“How does this exhibit source provide evidence that helps me better understand More’s critique of sixteenth century society and politics?”
Amerigo Vespucci presents a novel interpretation of Native American culture in a letter to his patron, Lorenzo Pietro di Medici. He describes in depth, from a Eurocentric perspective, some of the cultural differences which exist in the society he encountered in Brazil. Through introducing these variations, Vespucci provides readers with an understanding about how environment dictates the behaviors of individuals. Whereas Vespucci indicates that nature governs the actions of those whom he observes, More’s Utopia indicates (through discourse with Raphael Hythloday in Book 1) that government and its institutions govern the actions of individuals. By extension, More critiques not the actions taken by individuals in England, but the determinants of those actions. Vespucci provides, in effect therefore, an account of a culture unaffected by European norms in his travel report, albeit Vespucci’s interpretation is influenced by sixteenth century society and politics. Thus, readers of Vespucci’s account can better understand More’s critique of sixteenth century society and politics in England.
Vespucci explicitly states when introducing his report that, “[…] as you shall learn in the following account wherein we shall set succinctly down only capital matters and the things more worthy of comment…” (Vespucci 217). This statement serves as evidence that sixteenth century society and politics was alarmingly interested in material matters. Indeed, Vespucci is writing to his patron, who is primarily concerned about the financial prospects of this Vespucci. The voyage that Vespucci embarked on was ultimately driven by material prospects, because his culture values materialism. That contrasts with the culture he observes, which places emphasis on facets such as marital customs and clothing instead. The source, in essence, presents this contrast, which helps readers conceptualize the discontents driving More’s critique about sixteenth century society and politics.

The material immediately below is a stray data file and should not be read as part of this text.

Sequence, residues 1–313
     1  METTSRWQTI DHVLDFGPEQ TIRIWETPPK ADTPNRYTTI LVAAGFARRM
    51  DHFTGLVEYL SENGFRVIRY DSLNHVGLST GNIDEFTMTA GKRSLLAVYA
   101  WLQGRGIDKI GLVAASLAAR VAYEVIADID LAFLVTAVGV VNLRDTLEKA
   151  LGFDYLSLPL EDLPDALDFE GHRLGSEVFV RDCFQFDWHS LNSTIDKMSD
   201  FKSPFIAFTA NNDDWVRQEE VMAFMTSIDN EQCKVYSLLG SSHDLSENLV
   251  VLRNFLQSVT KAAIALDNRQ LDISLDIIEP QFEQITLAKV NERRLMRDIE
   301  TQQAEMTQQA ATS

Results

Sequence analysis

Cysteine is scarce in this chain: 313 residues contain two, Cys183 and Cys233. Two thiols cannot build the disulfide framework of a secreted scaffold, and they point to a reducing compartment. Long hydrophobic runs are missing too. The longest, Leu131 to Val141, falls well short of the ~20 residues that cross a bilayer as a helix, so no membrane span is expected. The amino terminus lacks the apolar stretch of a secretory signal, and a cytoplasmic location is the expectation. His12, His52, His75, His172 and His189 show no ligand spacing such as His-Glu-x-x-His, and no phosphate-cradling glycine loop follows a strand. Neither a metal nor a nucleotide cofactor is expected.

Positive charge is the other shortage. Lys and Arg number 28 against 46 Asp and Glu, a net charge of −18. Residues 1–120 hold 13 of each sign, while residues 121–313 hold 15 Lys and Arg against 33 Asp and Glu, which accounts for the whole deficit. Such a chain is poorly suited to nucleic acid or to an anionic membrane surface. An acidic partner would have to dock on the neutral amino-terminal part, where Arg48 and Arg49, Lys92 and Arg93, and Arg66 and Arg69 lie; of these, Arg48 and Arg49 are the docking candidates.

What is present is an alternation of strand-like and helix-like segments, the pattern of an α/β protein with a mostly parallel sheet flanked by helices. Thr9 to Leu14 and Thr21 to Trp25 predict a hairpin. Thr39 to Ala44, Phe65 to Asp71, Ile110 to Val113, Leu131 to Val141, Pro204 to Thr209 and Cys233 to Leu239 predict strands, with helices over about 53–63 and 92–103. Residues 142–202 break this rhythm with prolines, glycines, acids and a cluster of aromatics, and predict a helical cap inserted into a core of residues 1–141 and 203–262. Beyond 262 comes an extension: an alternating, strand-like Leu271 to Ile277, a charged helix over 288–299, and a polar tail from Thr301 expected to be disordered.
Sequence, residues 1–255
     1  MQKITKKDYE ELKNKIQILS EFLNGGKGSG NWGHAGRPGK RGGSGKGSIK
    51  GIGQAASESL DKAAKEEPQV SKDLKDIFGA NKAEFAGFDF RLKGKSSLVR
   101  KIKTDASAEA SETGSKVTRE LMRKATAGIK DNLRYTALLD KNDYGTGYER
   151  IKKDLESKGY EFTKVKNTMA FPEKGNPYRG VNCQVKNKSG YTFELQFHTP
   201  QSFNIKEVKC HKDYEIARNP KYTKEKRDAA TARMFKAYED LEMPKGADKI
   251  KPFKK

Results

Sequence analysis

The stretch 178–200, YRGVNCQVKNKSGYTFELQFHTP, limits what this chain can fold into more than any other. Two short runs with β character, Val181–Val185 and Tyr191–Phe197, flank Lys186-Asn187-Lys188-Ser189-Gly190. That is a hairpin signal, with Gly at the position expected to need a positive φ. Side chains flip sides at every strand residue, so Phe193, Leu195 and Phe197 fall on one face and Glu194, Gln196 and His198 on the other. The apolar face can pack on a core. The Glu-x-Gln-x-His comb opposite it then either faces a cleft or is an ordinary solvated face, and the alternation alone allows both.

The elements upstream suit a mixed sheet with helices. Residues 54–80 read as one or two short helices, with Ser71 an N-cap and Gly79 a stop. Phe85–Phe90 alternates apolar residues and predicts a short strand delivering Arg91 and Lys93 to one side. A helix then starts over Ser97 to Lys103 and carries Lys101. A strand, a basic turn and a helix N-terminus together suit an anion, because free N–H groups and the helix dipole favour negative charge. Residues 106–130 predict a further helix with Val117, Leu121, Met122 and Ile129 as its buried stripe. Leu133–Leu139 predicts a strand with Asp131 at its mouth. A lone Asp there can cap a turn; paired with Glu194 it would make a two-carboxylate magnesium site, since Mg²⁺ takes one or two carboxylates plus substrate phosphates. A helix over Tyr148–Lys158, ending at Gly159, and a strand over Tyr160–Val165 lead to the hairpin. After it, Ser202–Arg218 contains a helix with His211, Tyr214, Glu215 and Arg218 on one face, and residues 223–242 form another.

Vespucci also details in his account how the people he is observing do not possess any need for clothing. There is no status quo to wear such garments. This aspect of their culture contrasts sixteenth century European norms. Indeed, this evidence serves to further highlight how nature determines the actions of the individuals which Vespucci is observing. For example, Vespucci takes interest in how the people he is observing cure themselves of sickness with certain roots and herbs. Nature allows them to live longer lives and creates a place for the sick Ultimately, they are dependent on nature. This characteristic is not true about sixteenth century European society, which ultimately depends on materialism. And this contrast as well helps us understand the critique that More presents about European society and politics. Namely, that Europe’s emphasis on materialism creates an imperfect society and politics.
More, Thomas. Utopia. Translated by Clarence H. Miller. New Haven: Yale University Press,